Other than a vague connection with phyllotaxis via the Fibostrings above, you may think we've gotten pretty far off track from describing the development of living organisms. Not so. Aside from producing the Fibostrings, the above system was used by Lindenmayer to characterize the growth patterns of certain kinds of algae. We can make things more interesting, though, by applying a geometric interpretation to the symbols of L-system strings.
This is done using "turtle graphics," an odd name which comes from the Logo programming language. They work like this: Imagine you're a turtle on an infinitely large piece of paper. Not just any turtle, but one that can understand simple instructions and that has a basic understanding of geometry. Finally, imagine that you (the unusually bright turtle, that is) also have a pen in your mouth.
Have you got that image in mind? Good.
Now suppose I start giving you instructions like this:
In this case, you'd have drawn a square. What a good little turtle you are.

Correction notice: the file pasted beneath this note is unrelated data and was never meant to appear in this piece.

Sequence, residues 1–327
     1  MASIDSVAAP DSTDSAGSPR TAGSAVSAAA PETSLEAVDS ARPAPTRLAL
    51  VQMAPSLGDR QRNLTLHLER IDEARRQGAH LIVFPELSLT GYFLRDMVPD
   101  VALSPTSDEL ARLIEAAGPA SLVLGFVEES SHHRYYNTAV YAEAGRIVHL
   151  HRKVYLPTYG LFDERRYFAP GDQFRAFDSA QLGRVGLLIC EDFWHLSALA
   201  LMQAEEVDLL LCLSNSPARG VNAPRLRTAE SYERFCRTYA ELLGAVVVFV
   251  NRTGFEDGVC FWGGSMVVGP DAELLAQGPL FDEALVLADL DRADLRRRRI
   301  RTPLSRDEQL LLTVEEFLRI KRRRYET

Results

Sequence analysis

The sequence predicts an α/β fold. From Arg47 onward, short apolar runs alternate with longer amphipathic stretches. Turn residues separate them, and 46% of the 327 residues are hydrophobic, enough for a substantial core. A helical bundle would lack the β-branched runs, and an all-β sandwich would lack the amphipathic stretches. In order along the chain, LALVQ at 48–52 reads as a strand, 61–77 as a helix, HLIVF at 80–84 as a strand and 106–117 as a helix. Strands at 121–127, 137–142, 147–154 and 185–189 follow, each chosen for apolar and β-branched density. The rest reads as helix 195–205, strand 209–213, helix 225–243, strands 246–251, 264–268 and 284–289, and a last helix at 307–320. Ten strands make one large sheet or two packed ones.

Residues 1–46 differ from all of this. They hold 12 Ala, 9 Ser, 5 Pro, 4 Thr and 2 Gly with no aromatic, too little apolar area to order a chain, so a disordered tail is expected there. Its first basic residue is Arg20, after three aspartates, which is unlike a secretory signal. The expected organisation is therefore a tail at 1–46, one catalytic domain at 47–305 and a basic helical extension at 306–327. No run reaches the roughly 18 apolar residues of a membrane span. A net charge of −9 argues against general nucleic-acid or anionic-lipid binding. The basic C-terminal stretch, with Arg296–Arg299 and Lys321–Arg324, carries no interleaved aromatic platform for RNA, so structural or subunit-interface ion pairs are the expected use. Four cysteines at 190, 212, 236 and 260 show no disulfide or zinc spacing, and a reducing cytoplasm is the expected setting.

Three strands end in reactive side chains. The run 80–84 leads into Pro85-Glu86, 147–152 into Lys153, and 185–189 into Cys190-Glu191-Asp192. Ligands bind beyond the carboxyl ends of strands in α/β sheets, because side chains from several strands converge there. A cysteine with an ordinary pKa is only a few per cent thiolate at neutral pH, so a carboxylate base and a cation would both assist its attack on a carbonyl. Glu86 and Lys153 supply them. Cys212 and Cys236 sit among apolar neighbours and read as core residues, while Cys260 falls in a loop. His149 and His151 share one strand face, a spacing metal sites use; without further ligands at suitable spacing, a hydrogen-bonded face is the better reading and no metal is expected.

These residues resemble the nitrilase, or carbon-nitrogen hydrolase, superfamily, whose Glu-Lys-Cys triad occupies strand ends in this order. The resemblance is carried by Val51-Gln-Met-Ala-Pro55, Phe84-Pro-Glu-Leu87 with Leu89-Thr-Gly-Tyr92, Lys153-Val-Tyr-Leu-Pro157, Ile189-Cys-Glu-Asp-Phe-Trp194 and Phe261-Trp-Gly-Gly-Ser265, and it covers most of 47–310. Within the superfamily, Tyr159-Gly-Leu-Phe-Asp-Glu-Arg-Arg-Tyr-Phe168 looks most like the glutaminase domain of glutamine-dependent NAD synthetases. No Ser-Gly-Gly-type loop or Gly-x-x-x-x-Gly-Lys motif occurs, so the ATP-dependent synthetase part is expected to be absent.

Getting back to our L-system strings, you can assign commands like the ones above to symbols in our L-system. Then by generating a string of a certain order, you have also described instructions for drawing a picture—instructions that can be carried out by our ever-faithful turtle. Here is an example:
X → X+YF+
Y → -FX-Y
F → ε
The special symbol ε stands for the empty string, which means that we will delete any F's from the result when we rewrite the string. If the turtle interprets F to mean "move forward one step with the pen down" and - and + to mean "turn right 90°" and "turn left 90°", respectively, then the turtle will draw this picture from the order 10 string: